How to charge canon eos 7D mkii using laptop and usb cable port.. ,how will I know if it is charging the camera?

  • 2
    \$\begingroup\$ AFAIK (and I own a 7D Mk II), this is not possible. I believe the USB port is only for transferring images, tethering, etc, and does not have charging capability. At least the manual never states that it does. \$\endgroup\$
    – twalberg
    Commented Feb 19, 2020 at 13:21
  • 1
    \$\begingroup\$ Closely related question: Are there any DSLRs which can charge the battery via USB? \$\endgroup\$
    – scottbb
    Commented Feb 19, 2020 at 16:47

3 Answers 3


As far as I know you can't. But you can use dummy battery to power the camera from USB power source (laptop, power bank, etc.) like this.

No affiliate with the product/seller.


You can't. But you'll find USB chargers for the 7D batteries that you can connect to your laptop, or to a USB power adapter.

  • \$\begingroup\$ Output from that charger is 0.5A, which is roughly 40% of the 1.2A output of the standard Canon LP-E6 chargers. It would take roughly 8-10 hours to charge a mostly exhausted LP-E6n battery using such a charger. \$\endgroup\$
    – Michael C
    Commented Mar 11, 2020 at 23:49
  • \$\begingroup\$ @MichaelC There are others. But USB power is limited (2.5A@5V (12.5W) IIRC)... \$\endgroup\$
    – xenoid
    Commented Mar 12, 2020 at 0:08
  • \$\begingroup\$ Most USB power sources are limited to far less than 2.5A @ 5V, though. USB2, which is the current "lowest common denominator" is limited to 1.5A @ 5V, which the charger linked in your answer draws and steps up to 500ma(0.5A) @8.4V. The step up transformer eats roughly 45% of the power! \$\endgroup\$
    – Michael C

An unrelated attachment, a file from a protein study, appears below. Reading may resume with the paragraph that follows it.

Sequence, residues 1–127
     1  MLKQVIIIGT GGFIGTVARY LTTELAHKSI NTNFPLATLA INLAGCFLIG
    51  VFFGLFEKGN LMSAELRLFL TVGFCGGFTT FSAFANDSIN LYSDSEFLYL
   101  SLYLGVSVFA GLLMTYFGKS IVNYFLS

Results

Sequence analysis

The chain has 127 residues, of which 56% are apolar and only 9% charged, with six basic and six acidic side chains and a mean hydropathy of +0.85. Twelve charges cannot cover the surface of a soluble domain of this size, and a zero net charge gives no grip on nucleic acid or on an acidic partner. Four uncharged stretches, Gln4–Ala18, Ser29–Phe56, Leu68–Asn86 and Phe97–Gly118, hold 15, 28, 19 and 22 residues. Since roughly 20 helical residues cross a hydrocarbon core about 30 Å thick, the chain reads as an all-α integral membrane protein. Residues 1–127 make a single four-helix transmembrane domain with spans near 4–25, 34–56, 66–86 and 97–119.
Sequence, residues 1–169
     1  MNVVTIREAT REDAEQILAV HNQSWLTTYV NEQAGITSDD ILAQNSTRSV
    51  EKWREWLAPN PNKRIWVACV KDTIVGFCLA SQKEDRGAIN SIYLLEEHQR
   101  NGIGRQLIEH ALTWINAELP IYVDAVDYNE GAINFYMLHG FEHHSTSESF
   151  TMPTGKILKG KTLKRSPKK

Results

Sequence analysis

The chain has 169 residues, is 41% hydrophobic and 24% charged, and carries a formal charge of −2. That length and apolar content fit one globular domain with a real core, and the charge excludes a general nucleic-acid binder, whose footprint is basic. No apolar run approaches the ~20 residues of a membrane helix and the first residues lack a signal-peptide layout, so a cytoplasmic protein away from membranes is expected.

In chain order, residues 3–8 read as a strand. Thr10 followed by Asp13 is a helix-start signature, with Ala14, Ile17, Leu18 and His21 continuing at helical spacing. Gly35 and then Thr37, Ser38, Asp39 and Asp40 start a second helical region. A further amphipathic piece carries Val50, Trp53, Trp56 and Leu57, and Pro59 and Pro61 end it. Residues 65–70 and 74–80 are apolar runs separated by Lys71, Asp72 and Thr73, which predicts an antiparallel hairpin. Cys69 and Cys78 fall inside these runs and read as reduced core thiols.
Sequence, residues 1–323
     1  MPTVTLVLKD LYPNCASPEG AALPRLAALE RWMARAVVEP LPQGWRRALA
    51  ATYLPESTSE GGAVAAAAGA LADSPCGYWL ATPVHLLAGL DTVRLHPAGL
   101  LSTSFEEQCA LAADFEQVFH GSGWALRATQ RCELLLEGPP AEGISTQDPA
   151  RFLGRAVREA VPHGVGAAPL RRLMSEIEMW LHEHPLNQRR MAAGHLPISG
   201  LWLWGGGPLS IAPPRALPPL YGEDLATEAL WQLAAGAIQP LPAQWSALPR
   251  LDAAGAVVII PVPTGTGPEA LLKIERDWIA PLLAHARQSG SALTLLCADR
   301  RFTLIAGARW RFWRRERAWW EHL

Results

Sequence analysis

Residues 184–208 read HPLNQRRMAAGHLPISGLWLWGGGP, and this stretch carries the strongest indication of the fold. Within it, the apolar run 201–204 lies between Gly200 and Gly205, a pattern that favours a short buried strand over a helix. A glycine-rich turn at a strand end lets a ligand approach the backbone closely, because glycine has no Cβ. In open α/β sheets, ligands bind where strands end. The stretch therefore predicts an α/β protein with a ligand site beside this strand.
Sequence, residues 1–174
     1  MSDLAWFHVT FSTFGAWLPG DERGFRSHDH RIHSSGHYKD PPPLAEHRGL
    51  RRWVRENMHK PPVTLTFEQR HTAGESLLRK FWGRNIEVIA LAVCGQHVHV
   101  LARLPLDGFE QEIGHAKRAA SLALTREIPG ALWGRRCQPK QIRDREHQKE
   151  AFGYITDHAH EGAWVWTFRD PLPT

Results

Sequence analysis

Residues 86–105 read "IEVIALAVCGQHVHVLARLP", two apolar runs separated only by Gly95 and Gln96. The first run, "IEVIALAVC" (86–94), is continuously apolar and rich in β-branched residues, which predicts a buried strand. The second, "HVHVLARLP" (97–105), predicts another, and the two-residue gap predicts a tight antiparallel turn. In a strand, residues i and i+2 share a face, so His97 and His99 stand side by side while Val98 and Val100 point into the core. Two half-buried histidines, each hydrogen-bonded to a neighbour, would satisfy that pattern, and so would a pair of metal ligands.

Commented Mar 12, 2020 at 0:25
  • \$\begingroup\$ zdnet.com/article/… \$\endgroup\$
    – Michael C
    Commented Mar 12, 2020 at 0:27

You can't charge a 7D Mark II battery via the USB port. You'll need to remove the battery and use an external charger to recharge it.

The main reason seems to be that the 7.2V batteries used by the 7D Mark II and many other Canon 5-Series, 7-Series, and x0D series cameras require more voltage to charge than what the vast majority of USB chargers and ports in existence can provide.

  • \$\begingroup\$ I don't think this answer is entirely valid. If a battery can be charged quickly, it usually can be charged slowly as well. \$\endgroup\$
    – juhist
    Commented Feb 19, 2020 at 18:47
  • \$\begingroup\$ You'll never charge a battery to 7.2-7.4 volts by applying only 5 volts to it, no matter how long you charge it. The limit of USB is 5 volts. \$\endgroup\$
    – Michael C
    Commented Feb 20, 2020 at 11:22
  • \$\begingroup\$ @Michael, boost/buck convertors exist for changing DC voltages, so it's not physically impossible to make a 7.2V charger that accepts a 5V supply. It just means that Canon didn't impose the cost of one onto all 7D owners, when most of us find it simpler to just charge the battery externally, and keep using the camera with a different battery. \$\endgroup\$ Commented Feb 20, 2020 at 14:14
  • \$\begingroup\$ @TobySpeight Sure, but do you really want to increase the weight/size/heat output of a camera for such a small benefit? Especially since raising the voltage has an efficiency cost in terms of the very limited amperage available via usb ports? Even when it makes so much more sense to charge the battery out of the camera while another battery is powering the camera and allowing it to be used while the other battery is being charged. \$\endgroup\$
    – Michael C
    Commented Feb 20, 2020 at 15:42
  • \$\begingroup\$ Actually my original comment about slow vs quick charging was based on an old version of the answer which claimed there is not enough amperage. Now it correctly says there is not enough voltage, and I agree with both the current version of the answer and with Toby Speight's comment. \$\endgroup\$
    – juhist
    Commented Feb 20, 2020 at 15:45

Your Answer

By clicking “Post Your Answer”, you agree to our terms of service and acknowledge you have read our privacy policy.

Not the answer you're looking for? Browse other questions tagged or ask your own question.